Remember the last time a Ninja Gaiden game graced a Nintendo home console? Back then, it was a relatively 2D affair, being the SNES era. With the release of the Wii U, Nintendo took the decision to bring Nintendo fans up to date with a new 3D version of Ninja Gaiden. However, we can't help but think that the series should have stayed a 2D affair.
The third installment in the Ninja Gaiden series arrived on the Xbox 360 and Playstation 3 earlier in 2012. Razor's Edge is supposedly a much improved version of the other releases. As with all the games in the series, it sees the player take control of Ryu Hayabusa, a Japanese Ninja.
The main dose of the gameplay (if not all of it) will see you slashing your way through hoards of enemies in the city of London. This continuous enemy slashing is wrapped up by a nice little story, you know the whole, you're the hero thing.
Combat in Ninja Gaiden 3: Razor's Edge is extremely satisfying and admittedly, hacking and slashing enemies was our favourite part of the game. The enemies can be hacked and slashed using a variety of different moves, which are your's to master throughout the game. However, whilst in combat, it's quite easy to lose track of what's actually happening and the whole combat affair eventually just becomes a mindless activity. There's such a large amount of combat throughout Ninja Gaiden 3, it's quite easy to get lost amongst it.
Ninja Gaiden 3's graphical style is more than pleasing. It's an extremely realistic affair, which is something we expected to see alot of with the Wii U. The good thing is that Team Ninja have pulled it off well on the whole with Ninja Gaiden 3: Razor's Edge. London in Ninja Gaiden 3 looks alot like the real London that we all know, just covered with blood. Which by the way, is strikingly realistic.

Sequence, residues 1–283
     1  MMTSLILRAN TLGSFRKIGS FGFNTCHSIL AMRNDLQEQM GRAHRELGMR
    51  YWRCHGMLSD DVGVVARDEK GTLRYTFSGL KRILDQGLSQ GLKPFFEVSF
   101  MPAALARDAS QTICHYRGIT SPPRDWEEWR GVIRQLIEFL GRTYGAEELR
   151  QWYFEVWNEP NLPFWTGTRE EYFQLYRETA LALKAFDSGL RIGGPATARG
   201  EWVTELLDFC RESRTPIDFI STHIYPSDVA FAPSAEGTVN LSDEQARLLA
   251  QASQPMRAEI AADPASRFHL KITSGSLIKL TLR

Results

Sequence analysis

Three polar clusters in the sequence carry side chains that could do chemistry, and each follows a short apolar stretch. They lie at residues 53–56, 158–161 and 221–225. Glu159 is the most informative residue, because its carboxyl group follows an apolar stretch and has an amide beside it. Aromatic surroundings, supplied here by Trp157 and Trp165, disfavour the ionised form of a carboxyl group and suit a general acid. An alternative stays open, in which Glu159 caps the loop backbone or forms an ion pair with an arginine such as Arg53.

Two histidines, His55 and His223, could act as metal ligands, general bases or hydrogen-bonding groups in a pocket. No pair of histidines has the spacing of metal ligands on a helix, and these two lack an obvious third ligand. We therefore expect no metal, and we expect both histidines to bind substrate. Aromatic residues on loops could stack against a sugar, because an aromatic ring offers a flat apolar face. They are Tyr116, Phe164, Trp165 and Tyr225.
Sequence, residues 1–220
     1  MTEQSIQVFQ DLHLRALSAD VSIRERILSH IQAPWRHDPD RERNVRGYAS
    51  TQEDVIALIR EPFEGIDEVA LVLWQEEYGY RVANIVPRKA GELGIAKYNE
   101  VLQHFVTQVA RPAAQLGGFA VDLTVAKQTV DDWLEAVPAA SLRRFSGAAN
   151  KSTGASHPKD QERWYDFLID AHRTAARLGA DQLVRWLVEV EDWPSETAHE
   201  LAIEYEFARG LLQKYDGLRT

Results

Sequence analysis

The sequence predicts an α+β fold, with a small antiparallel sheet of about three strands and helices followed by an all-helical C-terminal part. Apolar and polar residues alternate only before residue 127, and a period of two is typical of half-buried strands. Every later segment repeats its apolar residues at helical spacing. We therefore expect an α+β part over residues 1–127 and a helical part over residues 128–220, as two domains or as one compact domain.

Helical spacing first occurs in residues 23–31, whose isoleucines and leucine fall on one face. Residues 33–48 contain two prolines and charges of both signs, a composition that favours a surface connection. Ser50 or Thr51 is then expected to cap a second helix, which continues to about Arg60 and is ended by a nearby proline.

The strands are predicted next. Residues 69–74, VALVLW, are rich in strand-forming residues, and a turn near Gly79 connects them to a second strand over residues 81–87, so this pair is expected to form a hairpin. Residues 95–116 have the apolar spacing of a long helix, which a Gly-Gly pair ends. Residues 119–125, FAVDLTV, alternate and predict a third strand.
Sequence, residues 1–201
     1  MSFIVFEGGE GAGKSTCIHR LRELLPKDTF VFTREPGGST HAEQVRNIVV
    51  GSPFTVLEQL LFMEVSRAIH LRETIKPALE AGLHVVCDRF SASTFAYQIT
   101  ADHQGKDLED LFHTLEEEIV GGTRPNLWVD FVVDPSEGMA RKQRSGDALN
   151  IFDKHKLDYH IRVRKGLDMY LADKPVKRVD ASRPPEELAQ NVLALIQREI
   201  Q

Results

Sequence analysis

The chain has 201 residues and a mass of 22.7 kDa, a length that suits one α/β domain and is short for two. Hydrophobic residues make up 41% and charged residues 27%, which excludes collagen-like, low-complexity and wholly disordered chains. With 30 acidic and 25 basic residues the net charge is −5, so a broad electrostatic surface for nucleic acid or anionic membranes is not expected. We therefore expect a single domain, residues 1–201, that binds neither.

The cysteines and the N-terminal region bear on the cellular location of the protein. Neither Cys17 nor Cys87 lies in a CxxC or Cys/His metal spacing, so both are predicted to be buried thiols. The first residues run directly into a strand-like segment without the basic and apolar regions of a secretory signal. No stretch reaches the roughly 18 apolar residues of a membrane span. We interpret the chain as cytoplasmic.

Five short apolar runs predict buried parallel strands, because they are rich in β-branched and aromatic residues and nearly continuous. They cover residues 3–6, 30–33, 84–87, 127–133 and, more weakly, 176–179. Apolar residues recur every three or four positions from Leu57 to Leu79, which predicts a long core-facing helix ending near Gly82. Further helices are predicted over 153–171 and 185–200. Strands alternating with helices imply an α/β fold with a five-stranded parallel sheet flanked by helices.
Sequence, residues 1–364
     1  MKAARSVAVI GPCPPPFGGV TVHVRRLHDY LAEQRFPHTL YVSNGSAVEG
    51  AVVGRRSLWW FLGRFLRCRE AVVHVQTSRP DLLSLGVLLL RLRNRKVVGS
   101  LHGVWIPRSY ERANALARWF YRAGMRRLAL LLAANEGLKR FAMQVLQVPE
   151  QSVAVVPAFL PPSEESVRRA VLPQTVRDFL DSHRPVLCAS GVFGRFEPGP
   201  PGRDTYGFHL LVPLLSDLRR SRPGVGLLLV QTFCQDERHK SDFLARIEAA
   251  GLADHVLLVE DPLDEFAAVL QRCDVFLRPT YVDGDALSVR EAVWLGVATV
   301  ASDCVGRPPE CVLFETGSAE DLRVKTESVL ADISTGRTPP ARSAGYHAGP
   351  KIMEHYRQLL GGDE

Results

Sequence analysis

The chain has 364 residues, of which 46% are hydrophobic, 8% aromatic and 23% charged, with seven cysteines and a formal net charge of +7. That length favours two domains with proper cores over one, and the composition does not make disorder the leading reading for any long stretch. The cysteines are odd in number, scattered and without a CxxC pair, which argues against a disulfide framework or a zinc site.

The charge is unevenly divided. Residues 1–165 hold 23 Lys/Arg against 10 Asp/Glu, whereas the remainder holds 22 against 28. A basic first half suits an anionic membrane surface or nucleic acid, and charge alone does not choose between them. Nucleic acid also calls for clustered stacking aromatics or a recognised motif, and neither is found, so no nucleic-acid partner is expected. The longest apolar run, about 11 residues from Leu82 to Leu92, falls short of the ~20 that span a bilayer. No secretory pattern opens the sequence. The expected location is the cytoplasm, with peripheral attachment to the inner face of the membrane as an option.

Unfortunately though, the problem comes in the fact that this is how far the game goes. Other than slashing enemies and enjoying the nice graphical style, there isn't much more to Ninja Gaiden 3: Razor's Edge. In our opinion, it's a little bland because of this.
Ninja Gaiden 3 is a completely solo adventure. There's no online or local multiplayer, other than full integration with Nintendo's MiiVerse. However, that's something that comes standard with most Wii U games now. We're not too worried about the lack of Mutliplayer, as Ninja Gaiden will always be quite a personal affair.
Ninja Gaiden 3 can lead to some quite lenghy play sessions, so the Wii U gamepad, whilst the most innovative way to play, may be come a little impractical. However, Team Ninja did implement the ability to use the Wii U Pro Controller, which is extremely handy and offers an experience more similar to that available on the Xbox 360 and Playstation 3.
In conclusion, Ninja Gaiden 3: Razor's Edge is no rushed job. Team Ninja have clearly worked tirelessly on this title. It's just a shame that it offers too much of the same and combat can often be ruined by over complication. We can't help but think that the 2D iterations of Ninja Gaiden were much stronger. +Josh Moorcroft-Jones
6/10 - Extremely tight combat, but an otherwise loose adventure.